All in all, however, the early chapters, in which Erne conveys a picture of Shakespeare the privileged playwright, who could both write for the stage and the page are excellently researched, well-argued, and would in themselves qualify the book as one of the most significant volumes of its kind published in recent years. Erne convincingly demonstrates that – though Bodley did condemn them – plays were treated as literature, collected by intellectuals, and shelved in libraries. Through explicit research, he also confutes the generally held belief that players opposed the publication of the plays.

By taking “the two hours’ traffic of our stage” reference in Romeo and Juliet and the "two short hours" of Henry VIII literally, Erne, in the second half of the book, argues that the long, ‘good’ Quarto and Folio texts of the histories and tragedies were never performed on stage in their full length. Quoting Webster’s distinction of ‘plays’ (performances of dramas) and ‘poems’ (printed and perfect copies of the plays), and taking into consideration the general practice of abridgment on the Renaissance stage – seen for example in the few theatrical manuscripts we have at hand – he boldly concludes that the ‘bad’ quartos are the abridged plays the Lord Chamberlain’s Men performed on London stages, while the longer versions present us Shakespeare’s full texts, which were intended for publication only. The changes of play structures he demonstrates in examining the two versions of Henry V, Hamlet and Romeo and Juliet, all of which – according to Erne – support a premise that the stage versions are much simpler in development and character building than their published equivalents.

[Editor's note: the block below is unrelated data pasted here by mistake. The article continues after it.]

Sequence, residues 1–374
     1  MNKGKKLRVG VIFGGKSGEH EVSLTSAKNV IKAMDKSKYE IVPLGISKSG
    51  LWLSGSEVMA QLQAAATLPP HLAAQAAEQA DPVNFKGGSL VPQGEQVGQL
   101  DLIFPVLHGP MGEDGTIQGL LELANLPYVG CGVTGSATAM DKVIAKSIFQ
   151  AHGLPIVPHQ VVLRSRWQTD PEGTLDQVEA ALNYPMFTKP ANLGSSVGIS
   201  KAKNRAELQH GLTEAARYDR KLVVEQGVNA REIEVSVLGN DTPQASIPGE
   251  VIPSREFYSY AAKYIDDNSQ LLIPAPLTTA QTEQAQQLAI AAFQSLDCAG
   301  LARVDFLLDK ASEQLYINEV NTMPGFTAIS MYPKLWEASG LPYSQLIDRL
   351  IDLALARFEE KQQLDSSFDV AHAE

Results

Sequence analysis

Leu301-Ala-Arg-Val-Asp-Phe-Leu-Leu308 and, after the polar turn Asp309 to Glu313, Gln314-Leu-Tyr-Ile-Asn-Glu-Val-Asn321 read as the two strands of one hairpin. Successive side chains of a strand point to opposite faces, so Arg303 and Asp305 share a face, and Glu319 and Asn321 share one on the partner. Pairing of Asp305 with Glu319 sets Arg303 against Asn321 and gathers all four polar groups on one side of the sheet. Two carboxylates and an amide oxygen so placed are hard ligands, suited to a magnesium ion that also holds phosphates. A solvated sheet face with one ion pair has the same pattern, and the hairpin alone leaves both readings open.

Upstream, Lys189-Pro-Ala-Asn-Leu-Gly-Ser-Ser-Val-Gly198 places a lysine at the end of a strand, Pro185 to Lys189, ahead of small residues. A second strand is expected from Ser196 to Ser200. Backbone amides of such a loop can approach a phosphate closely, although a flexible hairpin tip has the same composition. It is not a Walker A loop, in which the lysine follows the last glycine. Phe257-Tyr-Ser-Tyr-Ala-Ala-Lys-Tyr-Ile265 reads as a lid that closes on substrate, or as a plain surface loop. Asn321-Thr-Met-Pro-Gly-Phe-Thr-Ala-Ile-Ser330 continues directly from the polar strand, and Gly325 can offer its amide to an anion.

However challenging and admirably researched this second part is, one cannot but feel a bit uncomfortable about it. With a slight overstatement we could claim that by accepting Erne’s assumption that ‘good quartos’ are ‘authentic’ Shakespearean texts we may subscribe to a Shakespeare very much different from what performance critics drew him to be. This playwright does not really write plays (which by definition are meant only to be performed) but aims at begetting closet dramas, all longer than the average plays on the contemporary stage. As a by-product, he gives his consent – for he has to make ends meet and help fill the theatre – to the productions of these plays which are put on stage cut and crippled by the Lord Chamberlain’s Men, but his real aim is to amend them later in his complete volume of a Folio. With a conclusion like this, Erne’s book does injustice to the claim it makes in its title, for instead of finding the golden middle of a playwright engaged both in contemporary performance and publishing Erne depicts a writer who only wrote for the stage en passant. The pendulum seems to have swung to the other end of the scale. Erne’s outstanding book which aims at rewriting and rethinking almost everything which was published in the past few decades about Shakespeare and the theatre will I am sure generate huge arguments among Shakespeare scholars.

The truth is still out there.

1 J.L.Styan, Shakespeare. Revolution (Cambridge: CUP, 1977) p 235.

2 Dutton, Richard. "The Birth of the Author." In Elizabethan Theater: Essays in Honor of S. Schoenbaum, ed. R.B. Parker and S. P. Zitner, 71-92. Newark: University of Delaware Press. 1996; The First Folio of Shakespeare: Based on Folios in the Folger Shakespeare Library Collection (Facsimile Series), eds: Charlton Hinman, Peter W. M. Blayney, Folger Shakespeare Library, W. W. Norton & Company, 1996.

Publisher: Pázmány University Electronic Press - Budapest, ISSN 1785-6515